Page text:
Political and geopolitical developments such as elections, tensions, and changes in government policies cause currency values to fluctuate. Political and geopolitical events can lead to changes in risk sentiment, as investors react to uncertainty and potential risks. If a political event is seen as negative or has the potential to disrupt socioeconomic stability, investors may become more risk-averse, leading to a decrease in currency demand. Conversely, if a political event is seen as positive or has the potential to promote economic stability, investors may become more risk-tolerant, leading to an increase in currency demand. Political and geopolitical events can also influence trade and capital flows, which can impact currency values. For example, if a political event leads to increased protectionism or trade barriers, it can decrease demand for the currency, as trade and capital flows are restricted; conversely, if a political event leads to increased trade or investment opportunities, it can increase demand. Political and geopolitical events can also lead to increased demand for perceived safe-haven currencies, such as the US dollar, Swiss franc, Japanese yen, Bitcoin, and gold as investors seek to reduce their risk exposure.
Additionally, changes in regulations and government policies related to how currencies are owned, held, or accessed will impact their value; positive developments, such as regulatory clarity and supportive policies, can increase demand and prices, while negative developments, such as bans or restrictions, can decrease demand and prices.
The overall mood and perception of market participants can influence currency values, as traders often respond to news and events based on their expectations of future market movements. Market sentiment can influence risk appetite, as traders become more or less willing to take on risk. If market sentiment is positive, traders may become more risk-tolerant, leading to an increase in demand for higher-yielding currencies. Conversely, if market sentiment is negative, traders may become more risk-averse, leading to an increase in demand for safe-haven currencies, gold, or crypto. Market sentiment can also influence market trends and trading strategies, as traders respond to the prevailing mood, thus creating self-fulfilling momentum trades.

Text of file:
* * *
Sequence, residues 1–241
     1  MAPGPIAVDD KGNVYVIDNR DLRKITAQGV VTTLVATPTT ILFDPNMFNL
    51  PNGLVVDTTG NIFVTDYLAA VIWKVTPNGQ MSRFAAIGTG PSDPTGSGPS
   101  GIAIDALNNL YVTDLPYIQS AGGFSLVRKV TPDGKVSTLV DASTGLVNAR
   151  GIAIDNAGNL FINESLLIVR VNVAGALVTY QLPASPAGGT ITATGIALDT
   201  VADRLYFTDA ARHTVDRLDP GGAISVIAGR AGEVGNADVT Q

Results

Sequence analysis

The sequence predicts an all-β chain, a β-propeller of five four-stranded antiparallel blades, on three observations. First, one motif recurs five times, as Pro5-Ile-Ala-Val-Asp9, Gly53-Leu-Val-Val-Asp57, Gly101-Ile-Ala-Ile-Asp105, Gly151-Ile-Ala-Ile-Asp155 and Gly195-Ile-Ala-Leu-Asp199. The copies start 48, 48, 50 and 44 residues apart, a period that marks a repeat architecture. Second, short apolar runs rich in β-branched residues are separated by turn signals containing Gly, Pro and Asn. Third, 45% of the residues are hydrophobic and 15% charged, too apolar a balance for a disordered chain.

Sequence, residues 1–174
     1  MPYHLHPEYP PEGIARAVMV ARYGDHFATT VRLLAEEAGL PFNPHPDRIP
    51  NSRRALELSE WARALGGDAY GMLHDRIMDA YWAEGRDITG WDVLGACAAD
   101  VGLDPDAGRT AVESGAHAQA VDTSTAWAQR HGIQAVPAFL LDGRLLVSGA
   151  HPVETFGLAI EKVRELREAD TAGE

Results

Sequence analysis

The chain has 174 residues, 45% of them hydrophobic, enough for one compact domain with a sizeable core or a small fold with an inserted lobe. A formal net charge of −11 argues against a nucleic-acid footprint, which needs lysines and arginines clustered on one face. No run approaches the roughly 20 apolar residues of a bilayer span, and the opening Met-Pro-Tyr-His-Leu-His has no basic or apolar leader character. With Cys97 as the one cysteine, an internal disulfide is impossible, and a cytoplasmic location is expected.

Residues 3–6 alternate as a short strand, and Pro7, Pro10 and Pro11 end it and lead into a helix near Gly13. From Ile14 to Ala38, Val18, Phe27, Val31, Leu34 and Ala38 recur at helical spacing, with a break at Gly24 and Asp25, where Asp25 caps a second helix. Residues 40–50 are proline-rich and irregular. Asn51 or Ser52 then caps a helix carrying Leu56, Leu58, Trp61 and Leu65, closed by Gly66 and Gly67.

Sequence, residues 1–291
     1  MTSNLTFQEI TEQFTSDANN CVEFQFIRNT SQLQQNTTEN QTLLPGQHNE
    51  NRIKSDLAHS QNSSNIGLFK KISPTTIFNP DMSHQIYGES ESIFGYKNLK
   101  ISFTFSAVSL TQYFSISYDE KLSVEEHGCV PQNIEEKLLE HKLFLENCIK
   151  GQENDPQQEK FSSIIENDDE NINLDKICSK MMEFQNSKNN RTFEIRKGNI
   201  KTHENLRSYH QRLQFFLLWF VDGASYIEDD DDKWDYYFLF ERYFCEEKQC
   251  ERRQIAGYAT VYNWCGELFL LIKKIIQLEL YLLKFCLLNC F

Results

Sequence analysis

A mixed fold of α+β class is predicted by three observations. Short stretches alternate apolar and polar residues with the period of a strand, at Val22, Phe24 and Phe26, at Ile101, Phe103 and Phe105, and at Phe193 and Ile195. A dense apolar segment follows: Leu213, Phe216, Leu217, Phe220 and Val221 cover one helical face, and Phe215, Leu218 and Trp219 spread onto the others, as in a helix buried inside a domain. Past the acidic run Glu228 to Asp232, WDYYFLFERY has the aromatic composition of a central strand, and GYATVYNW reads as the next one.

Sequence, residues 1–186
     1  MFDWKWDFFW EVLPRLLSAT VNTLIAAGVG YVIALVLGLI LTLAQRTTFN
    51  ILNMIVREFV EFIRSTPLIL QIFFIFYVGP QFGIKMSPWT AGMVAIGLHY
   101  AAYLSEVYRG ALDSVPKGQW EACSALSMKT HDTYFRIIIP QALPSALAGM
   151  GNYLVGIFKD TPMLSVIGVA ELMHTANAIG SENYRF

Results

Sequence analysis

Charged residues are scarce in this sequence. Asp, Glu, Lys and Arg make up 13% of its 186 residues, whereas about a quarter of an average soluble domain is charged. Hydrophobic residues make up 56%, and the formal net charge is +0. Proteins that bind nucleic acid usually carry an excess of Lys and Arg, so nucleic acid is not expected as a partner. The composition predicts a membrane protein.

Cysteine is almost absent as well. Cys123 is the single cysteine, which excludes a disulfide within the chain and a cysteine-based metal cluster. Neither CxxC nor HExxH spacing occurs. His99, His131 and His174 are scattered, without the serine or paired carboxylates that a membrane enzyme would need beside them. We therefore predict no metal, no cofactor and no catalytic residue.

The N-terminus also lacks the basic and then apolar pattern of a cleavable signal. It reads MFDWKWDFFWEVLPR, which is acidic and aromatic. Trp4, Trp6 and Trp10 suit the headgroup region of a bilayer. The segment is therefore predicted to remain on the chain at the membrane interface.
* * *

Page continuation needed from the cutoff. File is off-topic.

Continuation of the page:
Currencies can also be vulnerable to market manipulation. Large investors or groups can influence prices through coordinated buying or selling, which can cause significant price movements, as in Britain, on Black Wednesday, September 16, 1992, when George Soros and other speculators shortd the currency and “broke the pound.”
Unpredictable events such as natural disasters, terrorist attacks, wars, and pandemics can cause significant disruptions to global markets and currency values. Climate change and agricultural developments can impact commodity prices, which can in turn influence currencies. For example, if there is a drought or other natural disaster that affects crop production, it can lead to a decrease in supply and an increase in prices for agricultural commodities; this in turn can have two affects, 1) If there is a decrease in crop production or an increase in import demand for agricultural commodities, it can lead to a decrease in the trade balance for the exporting country, which can lead to a decrease in demand for that currency; and 2) It can in-turn increase demand for the currency of a country that produces or exports that commodity. Agricultural developments can also impact central bank policy decisions, particularly with respect to inflation. If there is a significant increase in agricultural commodity prices, it can lead to higher inflation, which can prompt central banks to raise interest rates; this can increase demand for the currency, as investors seek higher returns.”
Francis Fabrizi, Accountant at Keirstone Limited
Interest rates have a big impact on currency values. When a country raises its interest rates, it becomes more attractive to investors, which leads to an increase in the value of its currency. However, when interest rates are lowered, the currency can lose value.
Another factor that can have a significant impact on the forex markets is geopolitical events. Political instability and conflicts can create uncertainty, which may lead to fluctuations in currency values.
In addition to interest rates and geopolitical events, economic data releases can also have a significant impact on the forex markets. Economic data such as GDP, employment figures, and inflation can all affect currency values. Positive economic data can lead to an increase in the value of a currency, whereas negative data can cause a currency to depreciate.
Technological advancements have also had a major impact on the forex markets in recent years. The rise of algorithmic trading and high-frequency trading has fundamentally changed the way that currencies are traded. These technologies allow traders to react to market movements in real-time, which can lead to increased volatility in the markets.
Clive Ponsonby, Currency Fellow at Hedder
The main driver of Forex markets (and therefore prices) is supply and demand, people selling a currency because they want to invest elsewhere in the world gives that currency supply, and people wanting to invest or buy from somewhere else in the world creates demand. These can come from trade flows, a good example would be commodities, if you want to buy copper from a mine in Chile you’ll pay them in Chilean Pesos. If people want to buy Tesla stock they’re going to need dollars, if you want BMW stock you’ll need Euros.